I is driving a car or when one has a transistor radIo which is too loud for the
neighbors). It involves a permanent decision which is not only personal
but also institutional, because it challengf;s J.TIanipulation and automatic
growthi it is both a refusal of competition and the institution of a new,
f .
pedagogy. The ethics of non-power has the effect of
calling into question such events as the OlympiC Carnes, automobile
racing, and so on, but it is also highly relevant to scientific research. What
is at stake is a vital principle (1 simplify here to make a point) of setting
limits: given that the almost means at our disposal permit
247 246 Jacques Ellul
almost unlimited action, we must choose, a priori, non-intervention each time
there is uncertainty about the global and long-term effects o(whatever actions are
tQ be undertaken ..This ethics, this opting for non-power is fundamental,
and it is possible (it would be futile to formulate an ideal ethics which no
one could practice) because. it is linked with meaning. Our experience
with the power of technique has led us to discover the absence of
meaning. Uncertainty as to whether life means anything is the sickness of
modem man, and the rediscovery of meaning is conditional .upon the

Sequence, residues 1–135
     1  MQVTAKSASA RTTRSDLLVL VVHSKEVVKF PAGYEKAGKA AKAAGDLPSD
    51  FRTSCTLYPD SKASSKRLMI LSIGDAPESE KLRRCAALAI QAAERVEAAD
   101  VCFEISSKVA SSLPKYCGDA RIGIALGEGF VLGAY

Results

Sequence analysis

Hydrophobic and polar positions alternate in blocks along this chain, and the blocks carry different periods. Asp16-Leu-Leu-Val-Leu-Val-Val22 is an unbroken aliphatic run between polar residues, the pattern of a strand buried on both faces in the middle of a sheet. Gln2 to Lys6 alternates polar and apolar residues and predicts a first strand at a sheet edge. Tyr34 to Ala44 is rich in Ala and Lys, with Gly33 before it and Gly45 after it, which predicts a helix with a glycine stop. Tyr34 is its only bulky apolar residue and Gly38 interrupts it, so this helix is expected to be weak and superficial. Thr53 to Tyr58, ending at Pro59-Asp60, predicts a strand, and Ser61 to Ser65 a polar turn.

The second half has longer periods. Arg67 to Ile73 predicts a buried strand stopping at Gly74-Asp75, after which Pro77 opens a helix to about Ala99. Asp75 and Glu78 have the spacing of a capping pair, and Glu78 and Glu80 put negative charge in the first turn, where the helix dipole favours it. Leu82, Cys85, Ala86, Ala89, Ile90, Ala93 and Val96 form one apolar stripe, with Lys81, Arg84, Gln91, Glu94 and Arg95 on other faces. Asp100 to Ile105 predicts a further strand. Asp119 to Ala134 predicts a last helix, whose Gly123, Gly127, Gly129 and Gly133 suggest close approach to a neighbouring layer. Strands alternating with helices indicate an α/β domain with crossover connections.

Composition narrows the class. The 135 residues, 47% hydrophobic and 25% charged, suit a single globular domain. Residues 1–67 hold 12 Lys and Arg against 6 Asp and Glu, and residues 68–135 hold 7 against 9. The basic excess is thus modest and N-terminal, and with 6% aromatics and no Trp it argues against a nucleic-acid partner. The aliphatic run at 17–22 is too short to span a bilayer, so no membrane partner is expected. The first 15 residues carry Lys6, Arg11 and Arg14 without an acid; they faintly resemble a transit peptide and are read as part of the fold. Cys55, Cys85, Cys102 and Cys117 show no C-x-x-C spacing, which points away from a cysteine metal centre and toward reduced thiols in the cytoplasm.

choice of non-power.
This new ethics would also be an ethics oflfreedom. Powerful means do
not necessarily insure freedom; on the contrary, technique has come to
represent both necessity and fate for modem man, and thus, the effort to
recover our ethical identity is the equivalent of resuming the fight for
freedom. Not that I believe man is free; I insist, on the contrary, that man
is determined, and has always been, but that man claims to be free,
wishes to be free/ affirms his freedom, and fights for it. This process has
had three stages. Initially man was heavily determined by the forces of
nature, nom whose bonds 'he struggled successfully to free himself,
winning, with the aid of technique, a high degree of independence. But at
the point where man began to conquer nature, he found himself heavily
detennined by society, and his response to socia! determination was
revolution. Now it is technique which determines man, but surely the
technological system is no stronger or more dangerous than nature was
for prehistoric man. Whereas prehistoric man discovered that useful
tool-technique-for the development of a value system and a symbolic
order, ethics is also a useful instrument for achieving liberation, but it
must be carefully chosen. In other words, we must decide (and the
decision carries with it grave consequences) that it is not technique which
frees us but rather it technique that we must free ourselves. 6ur
expelience in this context is similar to that of the youth of every
generation, who long for freedom, but do not quite know who their
adversaries are. To fight against a well-defined enemy, such as Hitler, is
comparatively easy. Now we are threatened by obscure and diffuse
powers and are fighting in the dark against unfamiliar forces which we
have not been able to analyze. Adopting an analytical perspective on the
technological system should help to dispel that darkness.
Since the principles of non-power and freedom necessarily create